SslSupportMethod: 'sni-only'
  WebsiteDNSRecord:
    Type: AWS::Route53::RecordSet
    Properties:
      HostedZoneName: !Join ['', [!Ref 'HostedZone', .]]
      Comment: CNAME redirect custom name to CloudFront distribution
      Name: !Join ['', [!Ref 'AWS::StackName',
          ., !Ref 'HostedZone']]
      Type: CNAME
      TTL: '180'
      ResourceRecords:
      - !GetAtt [AppCDNDistribution, DomainName]
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Outputs of the stack
Outputs:
  WebsiteURL:
    Value: !Join ['', ['http://', !Ref 'WebsiteDNSName']]
    Description: The URL of the newly created website
  BucketName:
    Value: !Ref 'S3BucketForWebsiteContent'
    Description: Name of S3 bucket to hold website content
  CloudFrontDistributionID:
    Description: 'CloudFront distribution ID'
    Value: !Ref WebsiteCDN
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A complete version of the template can be found in this github repo

ok, commit, push, and...?

It's time to put your DevOps hat on, and configure the pipeline.

Build Pipeline

In Azure DevOps we'll create a build pipeline that basically copies the content of our app's folder into the drop artifact.
The copy task as follows:
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And the Publish Artifact as usual:
Path to publish: $(Build.ArtifactStagingDirectory)
Artifact name: drop

Release Pipeline

Our release pipeline will take care of the following tasks:

1. Create/update the stack:
This task will execute the template and create your infra in AWS.

2. Replace the tokens in our env.cd file
This task will replace our #{backendUrl}# values with the values we set in the pipeline variables.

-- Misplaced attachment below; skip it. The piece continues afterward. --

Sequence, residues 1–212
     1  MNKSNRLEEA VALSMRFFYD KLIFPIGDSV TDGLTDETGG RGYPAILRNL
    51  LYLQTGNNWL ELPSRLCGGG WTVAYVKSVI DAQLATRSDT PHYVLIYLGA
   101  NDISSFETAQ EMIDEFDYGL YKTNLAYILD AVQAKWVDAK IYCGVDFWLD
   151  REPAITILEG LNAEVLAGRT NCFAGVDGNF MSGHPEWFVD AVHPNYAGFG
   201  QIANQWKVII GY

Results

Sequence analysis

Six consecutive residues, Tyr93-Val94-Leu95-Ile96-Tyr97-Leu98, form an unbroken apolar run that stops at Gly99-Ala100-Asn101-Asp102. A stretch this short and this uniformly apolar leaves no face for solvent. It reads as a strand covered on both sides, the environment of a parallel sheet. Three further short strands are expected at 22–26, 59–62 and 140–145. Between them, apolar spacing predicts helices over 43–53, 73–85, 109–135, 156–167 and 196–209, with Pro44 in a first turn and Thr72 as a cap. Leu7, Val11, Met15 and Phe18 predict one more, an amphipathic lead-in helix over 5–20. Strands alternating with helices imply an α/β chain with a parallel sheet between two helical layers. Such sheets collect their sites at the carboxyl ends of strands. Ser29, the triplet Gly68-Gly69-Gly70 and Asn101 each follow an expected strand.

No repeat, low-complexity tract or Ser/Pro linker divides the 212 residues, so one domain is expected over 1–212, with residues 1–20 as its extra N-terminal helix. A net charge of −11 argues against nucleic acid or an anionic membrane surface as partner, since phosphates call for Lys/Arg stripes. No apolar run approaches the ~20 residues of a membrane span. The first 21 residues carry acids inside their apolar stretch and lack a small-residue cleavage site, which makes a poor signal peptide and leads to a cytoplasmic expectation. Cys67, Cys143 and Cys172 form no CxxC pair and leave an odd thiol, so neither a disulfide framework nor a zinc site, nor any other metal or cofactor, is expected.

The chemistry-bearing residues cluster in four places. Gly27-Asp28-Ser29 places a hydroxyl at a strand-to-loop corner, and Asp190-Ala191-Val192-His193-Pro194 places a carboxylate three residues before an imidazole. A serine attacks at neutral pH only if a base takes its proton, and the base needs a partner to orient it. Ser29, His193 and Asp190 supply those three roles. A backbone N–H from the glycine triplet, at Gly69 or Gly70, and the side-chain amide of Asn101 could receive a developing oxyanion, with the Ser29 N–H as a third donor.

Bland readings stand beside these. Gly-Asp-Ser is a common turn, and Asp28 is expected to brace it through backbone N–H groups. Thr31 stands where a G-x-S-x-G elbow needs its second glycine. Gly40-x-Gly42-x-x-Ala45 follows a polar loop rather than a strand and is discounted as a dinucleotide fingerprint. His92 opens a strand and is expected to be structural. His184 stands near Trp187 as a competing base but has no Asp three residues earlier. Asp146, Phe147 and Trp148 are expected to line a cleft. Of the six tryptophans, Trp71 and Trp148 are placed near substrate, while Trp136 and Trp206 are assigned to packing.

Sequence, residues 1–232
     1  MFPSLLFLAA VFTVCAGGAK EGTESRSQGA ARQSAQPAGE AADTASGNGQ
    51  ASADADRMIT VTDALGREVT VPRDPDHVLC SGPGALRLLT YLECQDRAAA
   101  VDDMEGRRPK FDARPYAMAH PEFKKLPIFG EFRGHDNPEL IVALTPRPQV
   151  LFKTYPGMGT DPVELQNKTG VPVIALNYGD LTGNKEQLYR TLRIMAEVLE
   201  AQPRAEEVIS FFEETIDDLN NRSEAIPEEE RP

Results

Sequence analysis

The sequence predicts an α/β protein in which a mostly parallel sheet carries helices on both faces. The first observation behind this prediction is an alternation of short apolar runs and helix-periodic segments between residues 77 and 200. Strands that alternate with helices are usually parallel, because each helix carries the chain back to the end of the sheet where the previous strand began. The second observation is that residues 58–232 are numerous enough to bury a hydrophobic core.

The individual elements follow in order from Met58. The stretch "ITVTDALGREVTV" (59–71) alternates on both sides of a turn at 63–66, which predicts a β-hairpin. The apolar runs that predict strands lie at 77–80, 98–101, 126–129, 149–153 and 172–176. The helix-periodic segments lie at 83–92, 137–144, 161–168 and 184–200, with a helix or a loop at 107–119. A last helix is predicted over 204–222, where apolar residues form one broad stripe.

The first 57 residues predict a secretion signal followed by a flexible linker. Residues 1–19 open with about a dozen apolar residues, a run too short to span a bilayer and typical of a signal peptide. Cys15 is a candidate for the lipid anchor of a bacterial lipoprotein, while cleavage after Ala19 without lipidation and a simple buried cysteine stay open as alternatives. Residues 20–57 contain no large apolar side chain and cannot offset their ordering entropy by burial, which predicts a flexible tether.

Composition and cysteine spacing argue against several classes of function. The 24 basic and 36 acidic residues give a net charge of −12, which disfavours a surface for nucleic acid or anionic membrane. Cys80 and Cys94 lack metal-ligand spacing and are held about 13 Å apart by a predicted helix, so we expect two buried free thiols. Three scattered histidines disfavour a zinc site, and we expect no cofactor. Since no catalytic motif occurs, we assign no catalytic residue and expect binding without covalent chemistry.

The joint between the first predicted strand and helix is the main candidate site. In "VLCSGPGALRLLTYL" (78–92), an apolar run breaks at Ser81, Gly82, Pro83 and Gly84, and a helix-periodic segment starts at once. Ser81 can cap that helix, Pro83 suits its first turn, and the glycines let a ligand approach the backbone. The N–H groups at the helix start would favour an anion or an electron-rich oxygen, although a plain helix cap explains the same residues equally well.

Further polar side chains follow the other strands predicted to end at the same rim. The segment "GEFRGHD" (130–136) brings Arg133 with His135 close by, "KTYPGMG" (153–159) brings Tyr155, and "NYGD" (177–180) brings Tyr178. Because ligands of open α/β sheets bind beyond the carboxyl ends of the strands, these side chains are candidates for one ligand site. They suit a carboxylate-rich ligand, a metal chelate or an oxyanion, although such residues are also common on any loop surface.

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3. Rename .env.cd to .env
.env.cd will become .env so the app is build with the correct values.

4. npm/yarn install
Nothing to say.

5. npm/yarn run build
Same.

6. clean up the bucket
To avoid unnecessary extra cost for storing unused files.

7. upload the new compiled version to the bucket
It's basically copying your compiled "dist" folder onto the S3 bucket

8. invalidate CloudFront cache
CloudFront cache keeps alive for 24 hs, so in case you update your app and the files don't exist anymore, it will try to serve them. You invalidate the cache so CloudFront gets the newly updated files correctly.

To summarize, this is how your pipeline will look like:

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An example yaml for each task can be found here

Alright, once you have created the tasks, you can create a task group so you reuse your tasks per each stage. After creating your release stages, the pipeline will end up looking like this:

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I hope this was helpful guys, thanks for reading and enjoy your coding journey!

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Dany Paredes

Good!